Our sufferings "are not worth comparing with the glory that will be revealed in us". No matter what we go through in this life it is nothing compared to how good heaven will be.

It’s like comparing a billion dollars with a ten cent coin: ten cents is worthless compared to a billion dollars. Likewise worrying about our troubles here and getting depressed about them is like getting upset over losing ten cents when we have a billion dollars waiting for us – it’s stupid.

What’s even better than that is that God promises that we will never be tempted beyond what we can bear (1 Corinthians 10:13). We don’t have to fear that the things we suffer will take us away from Christ if we are truly his people. Here are some examples:

  • In James 1:2-4 we learn that God uses trials to bring us to maturity and completion. 
  • 1 Peter 1 tells us that through sufferings God refines us like Gold. 
  • Romans 8:28 says that in everything God works for the good of those who love him.
Not only do we have the promise of heaven eternally, but we also have God’s promises that he is working in our sufferings here to grow us and to make us more like him.

Keeping an Eternal Perspective

Here’s the challenge: Instead of getting worried and caught up in our troubles that will inevitably distract us from our walk with God, keep an eternal perspective. In the words of the writer of Hebrews 12:2
Let us fix our eyes on Jesus, the author and perfecter of our faith, who for the joy set before him endured the cross, scorning its shame, and sat down at the right hand of the throne of God.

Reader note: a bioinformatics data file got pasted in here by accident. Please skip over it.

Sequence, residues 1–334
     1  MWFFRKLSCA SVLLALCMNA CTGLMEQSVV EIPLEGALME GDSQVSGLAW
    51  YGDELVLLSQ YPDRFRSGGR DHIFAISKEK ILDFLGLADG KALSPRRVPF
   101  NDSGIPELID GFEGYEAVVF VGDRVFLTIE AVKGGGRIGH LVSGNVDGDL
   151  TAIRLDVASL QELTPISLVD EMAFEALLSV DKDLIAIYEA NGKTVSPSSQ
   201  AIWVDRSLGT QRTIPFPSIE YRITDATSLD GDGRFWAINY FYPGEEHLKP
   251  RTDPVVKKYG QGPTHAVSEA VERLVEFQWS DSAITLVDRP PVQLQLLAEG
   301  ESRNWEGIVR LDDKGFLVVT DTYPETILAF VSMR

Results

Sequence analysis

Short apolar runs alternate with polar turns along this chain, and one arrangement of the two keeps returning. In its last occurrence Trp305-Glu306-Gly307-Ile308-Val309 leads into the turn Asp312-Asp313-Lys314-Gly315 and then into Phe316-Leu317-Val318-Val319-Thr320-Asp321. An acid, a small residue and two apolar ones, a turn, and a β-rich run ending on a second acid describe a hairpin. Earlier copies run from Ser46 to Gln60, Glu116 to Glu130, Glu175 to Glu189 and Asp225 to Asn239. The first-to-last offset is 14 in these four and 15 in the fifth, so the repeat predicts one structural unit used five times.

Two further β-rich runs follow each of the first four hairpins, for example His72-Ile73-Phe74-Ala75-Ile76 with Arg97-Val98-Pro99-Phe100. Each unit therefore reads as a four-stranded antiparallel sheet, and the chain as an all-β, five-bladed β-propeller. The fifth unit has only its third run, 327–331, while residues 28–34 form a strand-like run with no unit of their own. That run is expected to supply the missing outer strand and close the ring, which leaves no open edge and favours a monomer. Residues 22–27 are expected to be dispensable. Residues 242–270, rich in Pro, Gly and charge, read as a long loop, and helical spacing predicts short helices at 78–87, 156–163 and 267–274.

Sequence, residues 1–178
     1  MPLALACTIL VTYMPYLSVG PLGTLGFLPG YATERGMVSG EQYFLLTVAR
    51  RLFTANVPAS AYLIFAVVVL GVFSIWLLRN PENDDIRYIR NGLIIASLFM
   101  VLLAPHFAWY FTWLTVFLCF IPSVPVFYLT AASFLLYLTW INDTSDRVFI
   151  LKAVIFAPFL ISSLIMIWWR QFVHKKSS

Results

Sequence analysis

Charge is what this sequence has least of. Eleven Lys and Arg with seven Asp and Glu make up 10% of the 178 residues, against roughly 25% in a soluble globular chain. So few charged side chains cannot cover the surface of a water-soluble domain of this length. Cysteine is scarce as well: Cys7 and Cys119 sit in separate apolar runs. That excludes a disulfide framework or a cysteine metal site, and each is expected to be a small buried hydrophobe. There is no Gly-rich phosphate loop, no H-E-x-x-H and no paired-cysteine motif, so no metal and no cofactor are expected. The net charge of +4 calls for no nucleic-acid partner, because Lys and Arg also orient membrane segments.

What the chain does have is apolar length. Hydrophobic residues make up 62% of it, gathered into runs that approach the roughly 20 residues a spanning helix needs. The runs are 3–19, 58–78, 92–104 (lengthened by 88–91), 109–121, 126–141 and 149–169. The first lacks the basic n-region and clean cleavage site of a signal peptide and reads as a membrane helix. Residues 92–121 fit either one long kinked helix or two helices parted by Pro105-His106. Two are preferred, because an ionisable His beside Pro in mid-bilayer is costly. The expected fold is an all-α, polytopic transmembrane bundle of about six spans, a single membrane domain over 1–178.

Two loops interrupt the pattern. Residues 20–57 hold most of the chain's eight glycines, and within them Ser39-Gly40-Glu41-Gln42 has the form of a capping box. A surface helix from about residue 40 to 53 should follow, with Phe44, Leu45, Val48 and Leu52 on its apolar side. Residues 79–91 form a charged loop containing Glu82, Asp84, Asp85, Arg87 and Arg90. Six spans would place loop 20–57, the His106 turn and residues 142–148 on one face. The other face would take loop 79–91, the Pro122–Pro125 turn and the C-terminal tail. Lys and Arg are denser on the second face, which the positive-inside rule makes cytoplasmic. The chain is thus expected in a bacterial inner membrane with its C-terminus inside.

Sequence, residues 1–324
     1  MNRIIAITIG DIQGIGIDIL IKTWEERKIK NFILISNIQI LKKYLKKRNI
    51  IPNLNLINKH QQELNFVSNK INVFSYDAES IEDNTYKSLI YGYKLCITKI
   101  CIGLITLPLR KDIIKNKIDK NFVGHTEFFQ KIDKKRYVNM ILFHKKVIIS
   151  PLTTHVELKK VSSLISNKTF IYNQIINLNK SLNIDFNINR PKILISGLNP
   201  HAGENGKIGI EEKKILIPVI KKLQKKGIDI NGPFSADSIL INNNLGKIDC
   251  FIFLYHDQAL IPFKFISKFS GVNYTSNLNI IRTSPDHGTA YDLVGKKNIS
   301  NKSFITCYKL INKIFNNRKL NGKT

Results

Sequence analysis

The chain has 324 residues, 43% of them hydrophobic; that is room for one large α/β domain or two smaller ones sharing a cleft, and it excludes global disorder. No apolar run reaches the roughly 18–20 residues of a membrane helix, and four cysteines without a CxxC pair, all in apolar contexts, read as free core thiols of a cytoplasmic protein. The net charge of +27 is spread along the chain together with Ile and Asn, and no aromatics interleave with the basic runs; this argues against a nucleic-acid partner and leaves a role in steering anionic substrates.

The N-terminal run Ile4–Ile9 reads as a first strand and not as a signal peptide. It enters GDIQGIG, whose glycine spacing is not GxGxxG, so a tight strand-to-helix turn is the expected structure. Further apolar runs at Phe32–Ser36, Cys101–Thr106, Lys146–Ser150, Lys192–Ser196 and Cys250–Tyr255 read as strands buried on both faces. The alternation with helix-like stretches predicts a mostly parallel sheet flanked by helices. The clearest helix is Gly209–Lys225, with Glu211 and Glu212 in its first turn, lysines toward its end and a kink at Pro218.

Jesus suffered so that we can have eternal life in him. We will suffer here but instead of worrying about it we need to fix our eyes on Jesus and think about eternity.

Nathanael Muscat is in his last year of high school. He was brought up in a Christian home and accepted Christ as Lord and Savior as he was growing up. He started his blog, Only In Christ, about a year ago.

Monday, July 15, 2013

Unexpected blessing in Edinburgh



I had the opportunity to speak in Newcastle upon Tyne last month, and I will tell you more about that in a future column. Cindy and I decided to combine the ministry in the UK with an extended holiday in Europe, a second honeymoon, if you will. So after four days in London and the conference in Newcastle, we took a train up to Edinburgh, Scotland, where we would catch a flight to Paris. We had some time to explore Edinburgh before our flight, so we put our bags in “left luggage” (you have to love the common-sense expressions of the people of the United Kingdom), and headed for the Royal Mile. This is the main thoroughfare of the Old Town of Edinburgh, and connects the Holyrood Palace on the low end to the Edinburgh Castle at the top. We walked past ornate churches, bagpipers playing for donations, a man with a marionette, a headless man reading a newspaper (you had to be there), and shops, cafes, pubs, and restaurants. One of the most interesting things we saw was a man holding a huge yellow sign on the sidewalk that said, “John 3:7.” That’s part of a discussion Jesus had with Nicodemus when he said, “Do not marvel that I said to you, ‘You must be born again.’” We stopped and talked to the man and found out that he and others were starting a street church there, on that spot. We encouraged them in their work.